Microsoft Office Tutorials and References
In Depth Information
This means you can put the web parts of the Customers list and the Sales list on the same
page. You can then create a connection between them so that if you click an item in the
Customers web part, the corresponding Sales web part will change to show only records that
match the common field data from the selected Customers list item.
In this version of SharePoint, Microsoft has gone out of its way to encourage users to connect
web parts by adding a button to the Web Tools Options ribbon called Insert Related List. It
basically adds the related list view web part to the page (it drops down a menu displaying the
lists that have lookup fields pointing at the web parts on the page you’re editing, so you can
select one). Then it configures the connection between the two for you.
The Insert Related List button has its limits, as you’ll see, and isn’t quite as flexible as doing
the web part connections yourself, but at least it gets you started.
To see what I’m talking about, let’s first enter some more records into the Customers and
Sales lists and then use the Insert Related List button to add the Sales list web part to the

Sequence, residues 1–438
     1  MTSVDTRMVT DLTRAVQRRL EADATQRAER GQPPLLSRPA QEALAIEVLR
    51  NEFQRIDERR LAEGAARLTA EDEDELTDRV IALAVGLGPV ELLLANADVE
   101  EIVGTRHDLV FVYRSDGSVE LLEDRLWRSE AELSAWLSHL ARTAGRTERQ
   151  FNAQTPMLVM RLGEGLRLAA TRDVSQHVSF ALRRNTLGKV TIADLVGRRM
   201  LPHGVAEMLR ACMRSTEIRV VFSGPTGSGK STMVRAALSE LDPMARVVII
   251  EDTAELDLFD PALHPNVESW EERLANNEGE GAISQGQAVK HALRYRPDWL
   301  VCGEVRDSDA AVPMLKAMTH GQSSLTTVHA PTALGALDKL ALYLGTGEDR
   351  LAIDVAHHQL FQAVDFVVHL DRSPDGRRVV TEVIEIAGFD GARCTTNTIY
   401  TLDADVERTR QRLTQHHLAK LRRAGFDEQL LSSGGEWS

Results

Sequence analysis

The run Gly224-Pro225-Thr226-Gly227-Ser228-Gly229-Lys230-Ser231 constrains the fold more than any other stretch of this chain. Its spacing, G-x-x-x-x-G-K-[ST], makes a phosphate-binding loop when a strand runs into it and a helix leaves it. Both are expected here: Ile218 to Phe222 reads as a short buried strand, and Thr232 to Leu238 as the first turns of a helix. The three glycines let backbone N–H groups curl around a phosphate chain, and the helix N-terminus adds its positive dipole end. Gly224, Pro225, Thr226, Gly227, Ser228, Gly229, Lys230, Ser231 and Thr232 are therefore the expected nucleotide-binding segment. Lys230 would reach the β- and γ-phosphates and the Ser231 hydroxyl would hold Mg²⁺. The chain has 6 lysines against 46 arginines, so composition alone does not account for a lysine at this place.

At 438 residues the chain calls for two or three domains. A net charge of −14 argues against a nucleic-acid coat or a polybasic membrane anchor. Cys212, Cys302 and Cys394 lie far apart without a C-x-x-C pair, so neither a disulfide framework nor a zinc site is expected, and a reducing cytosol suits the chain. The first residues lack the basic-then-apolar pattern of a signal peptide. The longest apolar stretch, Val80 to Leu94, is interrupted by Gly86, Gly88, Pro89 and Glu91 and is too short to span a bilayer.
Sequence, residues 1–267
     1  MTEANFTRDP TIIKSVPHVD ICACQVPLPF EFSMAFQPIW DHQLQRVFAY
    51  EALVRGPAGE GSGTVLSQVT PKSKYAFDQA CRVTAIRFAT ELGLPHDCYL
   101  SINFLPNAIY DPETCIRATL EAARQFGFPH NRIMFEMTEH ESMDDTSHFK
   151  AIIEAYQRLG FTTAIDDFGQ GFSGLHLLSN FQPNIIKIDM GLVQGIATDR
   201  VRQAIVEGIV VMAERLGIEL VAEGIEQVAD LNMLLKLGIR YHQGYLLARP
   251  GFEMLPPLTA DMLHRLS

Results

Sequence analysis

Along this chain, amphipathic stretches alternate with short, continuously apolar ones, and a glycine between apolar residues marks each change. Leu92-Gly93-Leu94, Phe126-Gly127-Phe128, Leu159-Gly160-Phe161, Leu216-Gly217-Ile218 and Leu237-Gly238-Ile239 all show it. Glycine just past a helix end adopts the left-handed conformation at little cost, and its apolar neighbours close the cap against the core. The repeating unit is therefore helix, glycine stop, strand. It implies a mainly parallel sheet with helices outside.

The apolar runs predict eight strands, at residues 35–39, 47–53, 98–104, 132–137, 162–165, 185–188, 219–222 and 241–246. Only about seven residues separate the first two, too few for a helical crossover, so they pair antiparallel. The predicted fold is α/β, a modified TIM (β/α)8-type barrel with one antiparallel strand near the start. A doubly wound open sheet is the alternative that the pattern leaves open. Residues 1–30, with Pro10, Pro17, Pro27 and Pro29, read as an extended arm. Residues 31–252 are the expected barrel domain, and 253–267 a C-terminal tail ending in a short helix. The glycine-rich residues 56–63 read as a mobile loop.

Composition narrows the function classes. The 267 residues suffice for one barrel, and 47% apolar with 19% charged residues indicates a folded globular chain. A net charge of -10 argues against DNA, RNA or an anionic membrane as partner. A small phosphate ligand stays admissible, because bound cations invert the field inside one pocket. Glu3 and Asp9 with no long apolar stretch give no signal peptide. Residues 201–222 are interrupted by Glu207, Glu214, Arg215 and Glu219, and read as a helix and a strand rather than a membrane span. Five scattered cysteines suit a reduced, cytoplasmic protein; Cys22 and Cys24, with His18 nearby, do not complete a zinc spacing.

Customers list content page.
1. Go to the Customers list in the Quick Launch bar. On the Customers page, choose Add
New Item, and create some new customers. You can also change the view to enable inline
editing if you’d like to edit inline on the page, or better yet, you can enable Datasheet
view—remembering that with both of those options, you can only enter data on fields in
2. Once you have at least three customers (see my example in Figure 7.48), go to the Sales
list’s content page.
3. For this example, you want to have at least two sales orders that look up the same
customer from the Customers list and at least one that uses a different customer (see
Figure 7.49 for my example; be careful about the validations).